Jim Harris: Unlike '79, Razorbacks Don't Quite Have CWS Title In Grasp Yet

by Jim Harris  on Wednesday, Jun. 20, 2012 1:05 pm  

Norm DeBriyn coached Arkansas to its first appearance in Omaha in 1979 and to within one game that year of the national championship. Until Monday, the Hogs had not started the College World Series 2-0 since 1979. (Photo by UA Sports Media Relations)

This story is from the archives of ArkansasSports360.com.

Arkansas has never come quite as close to an NCAA baseball championship as the Razorbacks did in 1979. The biggest reason for that is, until late Monday night in Omaha, Neb., the Hogs had only started 2-0 in the College World Series in 1979. Obviously, the deeper a team can go in a double-elimination baseball tournament, the better the chances of taking home the title.

Dave Van Horn's Razorback team has as few as three and as many as five games remaining over the next week to go the distance and win Arkansas' first baseball national title. Thursday night, the Hogs will either move straight into the best-of-three championship round with either Florida State or Arizona, or face a one-and-done game with either South Carolina or Kent State to reach the final series.

Unlike its football and basketball programs, Arkansas has been blessed with invaluable coaching continuity over the past four decades. Norm DeBriyn took four UA teams to Omaha, the first coming in 1979, and his former player and assistant coach, Van Horn, is now enjoying a third trip with the Hogs. Programs with that kind of stability expect to make Omaha a postseason destination. Van Horn, in a press conference Tuesday, lamented being unable to deliver a national title to Fayetteville in his 10 seasons, but one only has to look at Florida State to find the utmost is college baseball disappointment: 23 trips to Omaha without a crown. And the Seminoles are back again.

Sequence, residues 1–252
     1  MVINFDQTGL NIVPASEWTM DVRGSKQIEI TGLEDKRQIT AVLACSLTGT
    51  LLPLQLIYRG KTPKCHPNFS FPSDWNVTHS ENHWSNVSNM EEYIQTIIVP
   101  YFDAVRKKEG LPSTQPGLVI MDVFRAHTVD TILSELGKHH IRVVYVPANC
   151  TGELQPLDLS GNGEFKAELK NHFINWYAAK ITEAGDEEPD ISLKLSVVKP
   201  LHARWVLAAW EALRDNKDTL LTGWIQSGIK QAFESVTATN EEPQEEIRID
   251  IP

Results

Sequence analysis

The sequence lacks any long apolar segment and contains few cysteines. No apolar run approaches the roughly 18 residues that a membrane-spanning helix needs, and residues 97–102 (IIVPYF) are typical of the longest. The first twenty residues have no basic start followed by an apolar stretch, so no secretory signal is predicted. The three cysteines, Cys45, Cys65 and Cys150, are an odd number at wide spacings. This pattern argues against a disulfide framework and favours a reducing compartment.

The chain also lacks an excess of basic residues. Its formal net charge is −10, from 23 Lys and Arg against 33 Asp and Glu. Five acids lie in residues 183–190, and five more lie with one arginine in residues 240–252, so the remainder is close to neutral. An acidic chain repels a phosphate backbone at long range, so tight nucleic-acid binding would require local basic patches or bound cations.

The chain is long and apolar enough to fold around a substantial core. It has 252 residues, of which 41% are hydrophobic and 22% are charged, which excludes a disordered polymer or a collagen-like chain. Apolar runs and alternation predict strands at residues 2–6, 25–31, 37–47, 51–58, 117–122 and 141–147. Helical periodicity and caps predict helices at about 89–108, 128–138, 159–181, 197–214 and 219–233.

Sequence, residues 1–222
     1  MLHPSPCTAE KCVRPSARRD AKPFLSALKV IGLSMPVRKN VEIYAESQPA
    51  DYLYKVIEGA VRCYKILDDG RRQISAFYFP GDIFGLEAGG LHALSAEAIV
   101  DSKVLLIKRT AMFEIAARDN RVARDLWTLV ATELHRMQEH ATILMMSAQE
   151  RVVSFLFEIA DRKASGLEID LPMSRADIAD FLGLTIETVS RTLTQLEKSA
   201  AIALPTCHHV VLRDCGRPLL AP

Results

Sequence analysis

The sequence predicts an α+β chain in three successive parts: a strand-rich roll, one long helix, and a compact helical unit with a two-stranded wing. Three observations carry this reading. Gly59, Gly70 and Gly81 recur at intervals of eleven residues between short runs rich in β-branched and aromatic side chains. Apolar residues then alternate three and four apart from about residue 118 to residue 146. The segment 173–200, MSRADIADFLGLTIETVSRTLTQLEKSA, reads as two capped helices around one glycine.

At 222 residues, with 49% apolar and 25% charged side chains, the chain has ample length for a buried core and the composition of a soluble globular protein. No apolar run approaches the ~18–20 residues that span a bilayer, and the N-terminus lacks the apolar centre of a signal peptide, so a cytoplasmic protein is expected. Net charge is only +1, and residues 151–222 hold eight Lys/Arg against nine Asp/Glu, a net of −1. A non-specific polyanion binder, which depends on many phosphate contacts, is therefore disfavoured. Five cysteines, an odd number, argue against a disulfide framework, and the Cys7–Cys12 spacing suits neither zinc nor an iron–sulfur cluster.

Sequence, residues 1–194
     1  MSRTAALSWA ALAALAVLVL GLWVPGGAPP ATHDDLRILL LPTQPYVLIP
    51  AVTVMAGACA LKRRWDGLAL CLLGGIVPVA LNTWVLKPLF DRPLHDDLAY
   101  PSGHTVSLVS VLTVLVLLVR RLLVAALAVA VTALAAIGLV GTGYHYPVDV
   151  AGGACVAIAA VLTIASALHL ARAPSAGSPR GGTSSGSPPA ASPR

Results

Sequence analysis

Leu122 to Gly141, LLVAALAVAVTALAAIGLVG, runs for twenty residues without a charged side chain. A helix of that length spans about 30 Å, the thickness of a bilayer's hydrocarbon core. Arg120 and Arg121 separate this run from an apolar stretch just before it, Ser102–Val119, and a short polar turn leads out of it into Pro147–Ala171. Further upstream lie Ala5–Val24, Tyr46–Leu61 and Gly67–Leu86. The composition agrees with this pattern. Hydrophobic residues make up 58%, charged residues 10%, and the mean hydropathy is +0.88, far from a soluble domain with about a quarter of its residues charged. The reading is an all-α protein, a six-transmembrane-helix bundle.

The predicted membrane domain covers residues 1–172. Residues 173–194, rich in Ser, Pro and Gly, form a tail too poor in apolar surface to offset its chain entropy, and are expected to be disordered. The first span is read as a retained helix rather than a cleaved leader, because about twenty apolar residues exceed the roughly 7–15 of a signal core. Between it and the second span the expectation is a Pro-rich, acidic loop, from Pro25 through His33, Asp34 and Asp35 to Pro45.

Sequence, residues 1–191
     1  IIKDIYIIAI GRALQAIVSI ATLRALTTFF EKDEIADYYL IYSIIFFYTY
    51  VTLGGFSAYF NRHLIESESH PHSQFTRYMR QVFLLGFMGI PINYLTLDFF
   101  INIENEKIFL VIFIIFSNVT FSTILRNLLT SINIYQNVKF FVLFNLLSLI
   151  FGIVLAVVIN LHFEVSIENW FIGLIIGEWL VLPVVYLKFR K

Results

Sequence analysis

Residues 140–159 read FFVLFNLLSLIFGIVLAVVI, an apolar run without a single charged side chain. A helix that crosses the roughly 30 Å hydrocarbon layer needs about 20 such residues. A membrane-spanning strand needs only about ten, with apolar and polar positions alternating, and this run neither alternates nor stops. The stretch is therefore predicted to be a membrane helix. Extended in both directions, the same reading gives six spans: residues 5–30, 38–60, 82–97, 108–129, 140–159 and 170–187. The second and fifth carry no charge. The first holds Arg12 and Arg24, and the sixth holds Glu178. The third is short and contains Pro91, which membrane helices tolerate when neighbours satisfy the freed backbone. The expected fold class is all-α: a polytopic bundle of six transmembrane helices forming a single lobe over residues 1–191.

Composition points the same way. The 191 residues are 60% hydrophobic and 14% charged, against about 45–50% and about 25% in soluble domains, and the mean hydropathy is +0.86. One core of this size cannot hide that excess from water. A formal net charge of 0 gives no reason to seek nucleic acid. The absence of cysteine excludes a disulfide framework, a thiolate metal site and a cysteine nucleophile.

Arkansas came ridiculously close to winning in its maiden voyage to old Rosenblatt Stadium 33 years ago. This current group of Hogs would seem to be overmatched in facing DeBriyn's bunch that year. We see no Kevin McReynolds or Johnny Ray, future everyday major league stars. That club also had such senior standouts as shortstop Larry Wallace and hard-hitting Mark Brumble, as well as junior catcher Ronn Reynolds, who played in the majors.

The pitching now is as good as it has been, and deeper than ever (though as starters Nick Schmidt and Jess Todd were stellar on the mound five years ago, at least right up until the Fayetteville regional against Oklahoma State). But that '79 bunch had a trio of talented starting hurlers — Rich Erwin, Steve Krueger and Scott Tabor — who peaked during the Hogs' run.

Still, with all that talent, Arkansas' run to Omaha in 1979 seemed a surprise coming out of a Southwest Conference dominated by Texas.

The Razorbacks got the sweetest of victories in Nebraska, 9-4 over the Longhorns in Omaha, behind Tabor's pitching and their explosive bats, to reach 3-0 in the tournament.

The bracket was different then. Before this setup of regionals, super regionals, four-team pods at the CWS and then a championship best-of-three round, and even before the silly, TV-suggested move of a one-and-done national title game after everything else had been played in a double-elimination format, the NCAA champion was the last survivor of an eight-team, double-elimination bracket.

The last team standing at 3-0 and the other three with one loss made up a "final four" of sorts. Arkansas drew Cal State-Fullerton, a college best known to Arkansans at the time for surprisingly having reached the 1978 West Regional basketball final against the Triplets. The Titans were led by future major league hitting star Tim Wallach.

DeBriyn faced a pitching conundrum going into the first game with Fullerton, coached then by current Texas head coach Augie Garrido. Erwin, who had started the opener vs. Pepperdine and struggled early, had come back two days later with a spectacular performance against Arizona (featuring Terry Francona). Krueger had ended up winning the opener in long relief of Erwin. Tabor had the most recent outing, against Texas, and would need rest.

If Arkansas defeated Fullerton in the semifinal round, it still could possibly face Pepperdine or Texas twice more. Arkansas, though, was still assured of a berth in the final against the last team standing among the one-loss squads. Krueger was ready to go, but then he wouldn't be available if Arkansas had to play twice more. Erwin had pitched a lot of innings up to that point.

DeBriyn decided to go with little-used Manuel Warrior in a game the Hogs figured they could afford to lose, and save the ace, Krueger, for the final game. If Arkansas still managed to win with Warrior, he had Krueger and Erwin left, and maybe Tabor for some innings, if Arkansas had to play two in the championship round.



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